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20 Thoughts About Happiness That Will Improve Your Mood

20 Thoughts About Happiness That Will Improve Your Mood

Your happiness should not be dependent on any person but yourself. If you’re feeling down, these twenty thoughts about happiness should improve your mood.

“Don’t cry because it’s over, smile because it happened.” ― Dr. Seuss

Memories will forever live in your heart, no matter how brief the experience might have been, so be thankful that you can reminisce at any time you choose.

“Happiness is not something ready made. It comes from your own actions.” ― Dalai Lama

Complaining is a fool’s errand, because you can’t expect your dreams to come true if you’re not willing to pursue them relentlessly.

“To be happy, we must not be too concerned with others.” ― Albert Camus

The secret to happiness is to appreciate the people who “get” you, while having no concern with the rest.

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“Caring about others, running the risk of feeling, and leaving an impact on people, brings happiness.” ― Harold Kushner

It is understandable to be afraid of opening up if you’ve been hurt in the past, but authentic connection cannot be established if you’re not willing to be vulnerable.

“Folks are usually about as happy as they make their minds up to be.” ― Abraham Lincoln

Happiness isn’t a destination, but rather a choice.

“It’s so hard to forget pain, but it’s even harder to remember sweetness. We have no scar to show for happiness. We learn so little from peace.” ― Chuck Palahniuk

Painful experiences tend to stick out more vividly than peaceful ones, so pursue an art or craft that allows you to release your pain in a productive way.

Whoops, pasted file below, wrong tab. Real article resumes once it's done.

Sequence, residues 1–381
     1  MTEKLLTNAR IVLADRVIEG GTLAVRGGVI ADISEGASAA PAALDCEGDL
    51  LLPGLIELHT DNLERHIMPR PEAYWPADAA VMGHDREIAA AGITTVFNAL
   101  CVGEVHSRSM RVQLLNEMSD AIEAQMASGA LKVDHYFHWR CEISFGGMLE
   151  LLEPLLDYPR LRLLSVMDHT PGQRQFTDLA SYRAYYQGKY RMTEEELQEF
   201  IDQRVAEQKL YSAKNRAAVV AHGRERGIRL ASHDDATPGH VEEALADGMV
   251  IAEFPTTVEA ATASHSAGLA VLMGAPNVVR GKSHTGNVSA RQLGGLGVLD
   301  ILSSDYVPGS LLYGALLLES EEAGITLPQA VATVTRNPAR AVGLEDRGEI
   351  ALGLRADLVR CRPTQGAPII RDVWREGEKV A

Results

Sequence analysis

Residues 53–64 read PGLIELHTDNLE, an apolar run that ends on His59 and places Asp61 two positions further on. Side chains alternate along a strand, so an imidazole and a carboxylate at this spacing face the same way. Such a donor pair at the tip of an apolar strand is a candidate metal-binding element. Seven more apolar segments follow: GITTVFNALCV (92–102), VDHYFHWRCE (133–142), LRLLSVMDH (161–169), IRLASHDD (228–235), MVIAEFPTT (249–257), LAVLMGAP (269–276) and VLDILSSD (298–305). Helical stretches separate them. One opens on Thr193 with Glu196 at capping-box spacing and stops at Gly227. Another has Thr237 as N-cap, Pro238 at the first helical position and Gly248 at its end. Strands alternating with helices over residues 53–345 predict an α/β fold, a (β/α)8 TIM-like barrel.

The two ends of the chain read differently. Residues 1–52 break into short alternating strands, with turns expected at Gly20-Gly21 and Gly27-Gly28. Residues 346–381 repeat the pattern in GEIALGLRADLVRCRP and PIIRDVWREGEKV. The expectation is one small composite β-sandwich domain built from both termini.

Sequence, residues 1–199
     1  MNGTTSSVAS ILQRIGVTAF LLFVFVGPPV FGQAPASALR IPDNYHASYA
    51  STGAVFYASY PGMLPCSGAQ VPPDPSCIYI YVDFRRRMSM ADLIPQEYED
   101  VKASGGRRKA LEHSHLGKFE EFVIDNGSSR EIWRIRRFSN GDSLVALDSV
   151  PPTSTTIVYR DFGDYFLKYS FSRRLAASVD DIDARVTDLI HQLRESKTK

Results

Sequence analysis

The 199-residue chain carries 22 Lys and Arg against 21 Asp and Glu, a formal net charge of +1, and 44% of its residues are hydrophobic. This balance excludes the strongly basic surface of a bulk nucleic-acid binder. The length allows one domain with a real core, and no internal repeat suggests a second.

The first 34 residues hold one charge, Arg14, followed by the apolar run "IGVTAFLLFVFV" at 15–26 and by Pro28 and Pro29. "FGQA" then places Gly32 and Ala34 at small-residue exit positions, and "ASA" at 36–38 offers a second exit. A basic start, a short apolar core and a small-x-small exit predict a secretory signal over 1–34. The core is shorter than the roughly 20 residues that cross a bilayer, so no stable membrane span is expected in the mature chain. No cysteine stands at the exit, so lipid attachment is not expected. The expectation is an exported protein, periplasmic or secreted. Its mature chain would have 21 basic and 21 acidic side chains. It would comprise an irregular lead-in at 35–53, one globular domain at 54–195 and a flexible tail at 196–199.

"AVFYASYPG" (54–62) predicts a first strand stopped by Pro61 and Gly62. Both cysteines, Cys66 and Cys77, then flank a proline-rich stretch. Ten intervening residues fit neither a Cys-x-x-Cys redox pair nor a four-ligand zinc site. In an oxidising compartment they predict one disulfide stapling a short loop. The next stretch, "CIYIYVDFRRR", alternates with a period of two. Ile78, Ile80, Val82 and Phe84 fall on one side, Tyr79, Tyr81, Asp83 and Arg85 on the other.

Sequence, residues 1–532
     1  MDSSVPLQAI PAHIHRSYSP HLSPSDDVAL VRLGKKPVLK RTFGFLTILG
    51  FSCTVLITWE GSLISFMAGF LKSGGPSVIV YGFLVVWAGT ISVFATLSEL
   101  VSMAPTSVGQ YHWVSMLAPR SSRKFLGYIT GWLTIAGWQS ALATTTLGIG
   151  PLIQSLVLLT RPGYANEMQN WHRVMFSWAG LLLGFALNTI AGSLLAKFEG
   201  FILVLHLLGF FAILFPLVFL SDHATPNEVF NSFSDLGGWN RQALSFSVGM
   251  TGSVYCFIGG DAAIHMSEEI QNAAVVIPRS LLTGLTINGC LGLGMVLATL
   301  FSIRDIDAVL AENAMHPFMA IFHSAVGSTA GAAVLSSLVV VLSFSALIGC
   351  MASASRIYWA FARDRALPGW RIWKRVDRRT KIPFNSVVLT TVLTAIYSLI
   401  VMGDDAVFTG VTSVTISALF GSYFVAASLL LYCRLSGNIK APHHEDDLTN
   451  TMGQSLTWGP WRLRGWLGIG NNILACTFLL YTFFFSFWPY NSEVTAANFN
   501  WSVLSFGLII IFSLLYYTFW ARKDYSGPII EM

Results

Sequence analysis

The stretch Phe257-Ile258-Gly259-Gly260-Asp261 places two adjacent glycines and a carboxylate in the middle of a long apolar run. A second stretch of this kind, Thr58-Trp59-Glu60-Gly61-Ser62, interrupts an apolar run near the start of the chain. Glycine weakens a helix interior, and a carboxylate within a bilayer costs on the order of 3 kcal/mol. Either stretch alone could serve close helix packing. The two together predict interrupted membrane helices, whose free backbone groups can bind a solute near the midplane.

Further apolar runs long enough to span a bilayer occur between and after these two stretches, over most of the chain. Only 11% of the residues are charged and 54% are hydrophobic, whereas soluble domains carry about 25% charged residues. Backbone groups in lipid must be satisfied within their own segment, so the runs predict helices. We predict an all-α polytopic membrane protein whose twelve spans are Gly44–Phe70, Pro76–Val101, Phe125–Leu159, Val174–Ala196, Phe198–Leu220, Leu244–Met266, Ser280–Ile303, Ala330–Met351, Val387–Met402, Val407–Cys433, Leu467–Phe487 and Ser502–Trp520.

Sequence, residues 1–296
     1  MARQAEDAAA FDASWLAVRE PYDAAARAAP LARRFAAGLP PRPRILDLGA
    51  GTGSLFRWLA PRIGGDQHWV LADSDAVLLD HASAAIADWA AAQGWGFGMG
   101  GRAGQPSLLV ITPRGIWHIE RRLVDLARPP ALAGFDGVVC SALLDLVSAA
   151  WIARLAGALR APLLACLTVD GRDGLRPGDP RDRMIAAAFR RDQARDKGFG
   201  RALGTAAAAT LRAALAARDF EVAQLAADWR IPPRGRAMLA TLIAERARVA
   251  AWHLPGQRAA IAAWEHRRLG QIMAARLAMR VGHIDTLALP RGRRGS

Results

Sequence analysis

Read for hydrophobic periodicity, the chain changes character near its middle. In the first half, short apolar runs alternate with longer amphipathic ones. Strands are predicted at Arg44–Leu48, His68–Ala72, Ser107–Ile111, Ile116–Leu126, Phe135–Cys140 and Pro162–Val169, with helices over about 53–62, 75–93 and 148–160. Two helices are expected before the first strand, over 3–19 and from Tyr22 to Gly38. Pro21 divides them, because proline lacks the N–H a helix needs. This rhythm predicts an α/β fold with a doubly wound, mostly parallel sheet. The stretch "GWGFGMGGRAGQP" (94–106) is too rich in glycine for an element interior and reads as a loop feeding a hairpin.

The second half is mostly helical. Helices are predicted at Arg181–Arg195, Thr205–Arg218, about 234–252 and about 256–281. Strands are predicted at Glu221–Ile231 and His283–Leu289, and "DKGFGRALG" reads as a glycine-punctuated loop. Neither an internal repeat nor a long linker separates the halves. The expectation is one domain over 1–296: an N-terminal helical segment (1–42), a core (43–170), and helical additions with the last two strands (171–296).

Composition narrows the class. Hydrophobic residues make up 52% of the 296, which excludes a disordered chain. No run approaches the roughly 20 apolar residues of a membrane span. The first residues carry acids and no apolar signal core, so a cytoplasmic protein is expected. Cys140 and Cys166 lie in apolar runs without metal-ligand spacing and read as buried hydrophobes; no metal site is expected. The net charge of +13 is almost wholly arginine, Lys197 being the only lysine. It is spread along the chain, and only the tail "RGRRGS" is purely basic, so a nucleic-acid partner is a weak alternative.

“Happiness is when what you think, what you say, and what you do are in harmony.” ― Mahatma Gandhi

Strive for harmony in your thoughts and actions, because behaving in a way that opposes our beliefs can produce a hell of an identity crisis.

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“Happiness in intelligent people is the rarest thing I know.” ― Ernest Hemingway

I often wish I could forget about injustices and troubling facts about the society we live in… when thinking about this makes me depressed, I remind myself of this affirmation: positive actions trump negative thoughts every time.

“I am determined to be cheerful and happy in whatever situation I may find myself. For I have learned that the greater part of our misery or unhappiness is determined not by our circumstance but by our disposition.” ― Martha Washington

When it seems like a dark cloud is overhead, remember that even the most severe storms are temporary.

“Happiness is having a large, loving, caring, close-knit family in another city.” ― George Burns

Appreciating your family is essential, but it is also wise to distance yourself as necessary for your mental health and sanity.

“Everything has its wonders, even darkness and silence, and I learn, whatever state I may be in, therein to be content.” ― Helen Keller

Before you complain about first world problems, consider that many people living in third world countries are more satisfied with their life than you are.

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“The moments of happiness we enjoy take us by surprise. It is not that we seize them, but that they seize us.” ― Ashley Montagu

Life is not meant to be a choreographed routine, but rather an exciting adventure.

“You can’t be happy unless you’re unhappy sometimes.” ― Lauren Oliver

How do you propose you would appreciate the emotional “highs” of your life without some “lows” to put them in perspective?

“Don’t underestimate the value of doing nothing, of just going along, listening to all the things you can’t hear, and not bothering.” ― Winnie the Pooh